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Title: Microhabitat analysis using radiotelemetry locations and polytomous logistic regression

Author: North, Malcolm P.; Reynolds, Joel H.;

Date: 1996

Source: J. Wildl. Mange., Vol. 60(3): 639-653

Publication Series: Miscellaneous Publication

Description: Microhabitat analyses often use discriminant function analysis (DFA) to compare vegetation structures or environmental conditions between sites classified by a study animal's presence or absence. These presence/absence studies make questionable assumptions about the habitat value of the comparison sites and the microhabitat data often violate the DFA's assumptions of an equal covariance structure and multivariate normality. An alternative is to generate an ordinal measure of site-use intensity from radiotelemetry locations. This measure is derived from the percentage of total telemetry points of a study animal that are found at use-only sites, overcoming many of the problems associated with defining "absence" sites. The use-intensity response is then modeled as a function of microhabitat variables using ordered polytomous logistic regression (PLR). Unlike DFA, PLR does not require covariance equality or multivariate normality, and allows categorical microhabitat variables. The classification error of the microhabitat model developed with PLR is then assessed by jackknifing. This technique is demonstrated with an example analysis of the foraging microhabitat of the northern spotted owl (Strix occidentalis caurina). The resulting model correctly classified 78% of the sample stands in the jackknife evaluation. For animals with site fidelity and radiotelemetry data, the proposed technique may provide a robust alternative for microhabitat analysis.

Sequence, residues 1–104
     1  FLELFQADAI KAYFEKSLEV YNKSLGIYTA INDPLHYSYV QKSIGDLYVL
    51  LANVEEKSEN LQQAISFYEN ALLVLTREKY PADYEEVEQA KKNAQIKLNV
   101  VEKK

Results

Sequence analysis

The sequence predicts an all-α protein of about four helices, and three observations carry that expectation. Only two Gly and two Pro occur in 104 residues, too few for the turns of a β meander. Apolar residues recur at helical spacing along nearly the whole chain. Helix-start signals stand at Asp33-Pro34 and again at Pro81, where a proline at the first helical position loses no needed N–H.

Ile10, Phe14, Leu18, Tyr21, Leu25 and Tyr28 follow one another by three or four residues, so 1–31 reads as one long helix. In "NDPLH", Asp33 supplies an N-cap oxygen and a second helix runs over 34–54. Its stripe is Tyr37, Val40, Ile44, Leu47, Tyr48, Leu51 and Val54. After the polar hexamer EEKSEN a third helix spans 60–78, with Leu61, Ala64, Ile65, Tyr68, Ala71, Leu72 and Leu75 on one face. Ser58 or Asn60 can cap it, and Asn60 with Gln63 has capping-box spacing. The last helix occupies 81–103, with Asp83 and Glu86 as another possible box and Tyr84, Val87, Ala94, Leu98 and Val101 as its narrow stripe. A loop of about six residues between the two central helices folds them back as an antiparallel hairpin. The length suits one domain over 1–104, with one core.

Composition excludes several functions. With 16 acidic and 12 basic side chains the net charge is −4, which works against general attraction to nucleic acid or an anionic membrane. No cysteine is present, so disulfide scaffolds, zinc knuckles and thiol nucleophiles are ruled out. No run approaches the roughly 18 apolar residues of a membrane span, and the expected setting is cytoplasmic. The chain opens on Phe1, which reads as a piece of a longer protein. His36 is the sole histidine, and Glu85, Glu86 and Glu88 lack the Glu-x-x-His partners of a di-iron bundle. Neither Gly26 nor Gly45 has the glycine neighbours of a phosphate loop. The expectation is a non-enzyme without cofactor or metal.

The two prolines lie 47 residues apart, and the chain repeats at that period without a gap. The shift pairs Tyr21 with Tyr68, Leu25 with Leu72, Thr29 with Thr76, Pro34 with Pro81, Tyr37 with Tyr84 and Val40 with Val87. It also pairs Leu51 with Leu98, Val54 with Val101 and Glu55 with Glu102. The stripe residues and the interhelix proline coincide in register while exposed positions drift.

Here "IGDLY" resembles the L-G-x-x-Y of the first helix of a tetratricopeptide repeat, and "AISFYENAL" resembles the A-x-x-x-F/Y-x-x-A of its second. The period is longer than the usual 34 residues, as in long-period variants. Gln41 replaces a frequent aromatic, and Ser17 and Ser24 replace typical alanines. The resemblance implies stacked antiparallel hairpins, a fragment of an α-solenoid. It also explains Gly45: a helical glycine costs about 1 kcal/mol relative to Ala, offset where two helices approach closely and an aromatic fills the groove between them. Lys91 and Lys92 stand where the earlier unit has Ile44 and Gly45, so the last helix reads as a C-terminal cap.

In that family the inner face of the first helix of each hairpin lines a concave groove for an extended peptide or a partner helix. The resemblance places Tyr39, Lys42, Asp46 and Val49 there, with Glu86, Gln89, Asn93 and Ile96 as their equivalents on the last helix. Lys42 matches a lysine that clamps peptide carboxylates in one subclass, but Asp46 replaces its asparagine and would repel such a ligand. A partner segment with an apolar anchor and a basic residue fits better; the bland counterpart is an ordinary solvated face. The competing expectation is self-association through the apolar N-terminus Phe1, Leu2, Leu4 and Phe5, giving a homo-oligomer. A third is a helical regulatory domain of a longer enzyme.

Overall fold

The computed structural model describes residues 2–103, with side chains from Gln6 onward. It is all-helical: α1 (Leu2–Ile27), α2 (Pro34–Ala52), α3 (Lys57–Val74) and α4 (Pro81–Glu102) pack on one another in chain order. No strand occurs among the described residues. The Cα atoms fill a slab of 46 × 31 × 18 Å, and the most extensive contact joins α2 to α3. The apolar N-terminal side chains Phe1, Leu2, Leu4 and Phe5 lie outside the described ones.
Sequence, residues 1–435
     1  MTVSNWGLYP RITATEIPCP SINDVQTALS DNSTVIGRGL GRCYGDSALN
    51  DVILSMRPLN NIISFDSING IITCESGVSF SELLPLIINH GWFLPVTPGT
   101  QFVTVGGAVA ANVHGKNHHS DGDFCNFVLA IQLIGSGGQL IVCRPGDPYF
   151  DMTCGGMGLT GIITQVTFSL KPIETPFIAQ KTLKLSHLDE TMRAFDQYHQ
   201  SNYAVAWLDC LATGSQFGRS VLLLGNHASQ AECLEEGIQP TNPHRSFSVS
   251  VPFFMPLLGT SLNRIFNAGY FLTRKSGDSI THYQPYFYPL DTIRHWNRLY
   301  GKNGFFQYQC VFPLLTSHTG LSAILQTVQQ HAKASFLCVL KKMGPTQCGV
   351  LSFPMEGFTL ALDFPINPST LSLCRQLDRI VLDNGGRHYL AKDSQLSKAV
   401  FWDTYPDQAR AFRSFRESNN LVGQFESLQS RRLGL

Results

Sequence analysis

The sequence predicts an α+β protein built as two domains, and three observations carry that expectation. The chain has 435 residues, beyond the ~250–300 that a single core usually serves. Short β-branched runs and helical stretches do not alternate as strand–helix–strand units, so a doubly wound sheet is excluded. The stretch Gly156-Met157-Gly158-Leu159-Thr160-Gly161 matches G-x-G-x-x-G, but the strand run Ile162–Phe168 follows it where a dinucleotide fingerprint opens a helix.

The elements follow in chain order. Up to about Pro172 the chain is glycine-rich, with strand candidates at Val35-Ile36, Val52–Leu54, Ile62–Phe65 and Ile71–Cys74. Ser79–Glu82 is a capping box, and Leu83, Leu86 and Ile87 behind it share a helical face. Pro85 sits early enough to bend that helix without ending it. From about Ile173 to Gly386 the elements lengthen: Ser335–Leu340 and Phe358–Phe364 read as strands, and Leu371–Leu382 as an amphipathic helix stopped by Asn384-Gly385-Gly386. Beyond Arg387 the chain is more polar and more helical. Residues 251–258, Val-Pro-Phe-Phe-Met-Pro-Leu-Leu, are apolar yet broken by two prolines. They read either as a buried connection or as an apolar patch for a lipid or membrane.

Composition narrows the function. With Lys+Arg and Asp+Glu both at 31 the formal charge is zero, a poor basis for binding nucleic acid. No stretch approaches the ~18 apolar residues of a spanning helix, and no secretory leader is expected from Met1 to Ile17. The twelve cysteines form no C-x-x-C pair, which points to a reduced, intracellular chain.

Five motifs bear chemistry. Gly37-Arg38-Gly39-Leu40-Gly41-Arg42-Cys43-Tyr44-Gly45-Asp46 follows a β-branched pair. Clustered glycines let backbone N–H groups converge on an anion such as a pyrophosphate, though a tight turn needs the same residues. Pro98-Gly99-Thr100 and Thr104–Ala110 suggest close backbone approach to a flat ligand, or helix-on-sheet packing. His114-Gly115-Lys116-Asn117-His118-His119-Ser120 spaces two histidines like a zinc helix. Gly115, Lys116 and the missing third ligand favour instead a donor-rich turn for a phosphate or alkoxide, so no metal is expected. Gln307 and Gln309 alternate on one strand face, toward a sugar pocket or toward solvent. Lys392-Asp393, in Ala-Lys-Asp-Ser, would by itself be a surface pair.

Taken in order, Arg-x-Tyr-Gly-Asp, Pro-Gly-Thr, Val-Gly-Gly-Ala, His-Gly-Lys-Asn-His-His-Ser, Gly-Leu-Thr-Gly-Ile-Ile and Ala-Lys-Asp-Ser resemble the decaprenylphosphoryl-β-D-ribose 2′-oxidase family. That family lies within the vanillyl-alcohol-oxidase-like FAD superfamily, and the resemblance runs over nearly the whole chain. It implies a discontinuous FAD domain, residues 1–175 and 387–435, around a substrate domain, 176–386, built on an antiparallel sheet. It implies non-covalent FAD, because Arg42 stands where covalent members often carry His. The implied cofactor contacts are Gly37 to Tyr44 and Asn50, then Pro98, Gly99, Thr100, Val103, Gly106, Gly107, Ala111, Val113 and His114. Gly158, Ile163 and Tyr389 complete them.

Keywords: discriminant function analysis, jackknife, microhabitat, northern spotted owl, Pacific Northwest, polytomous logistic regression, presence/absence, radiotelemetry, Strix occidentalis caurina

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North, Malcolm P.; Reynolds, Joel H. 1996. Microhabitat analysis using radiotelemetry locations and polytomous logistic regression. J. Wildl. Mange., Vol. 60(3): 639-653


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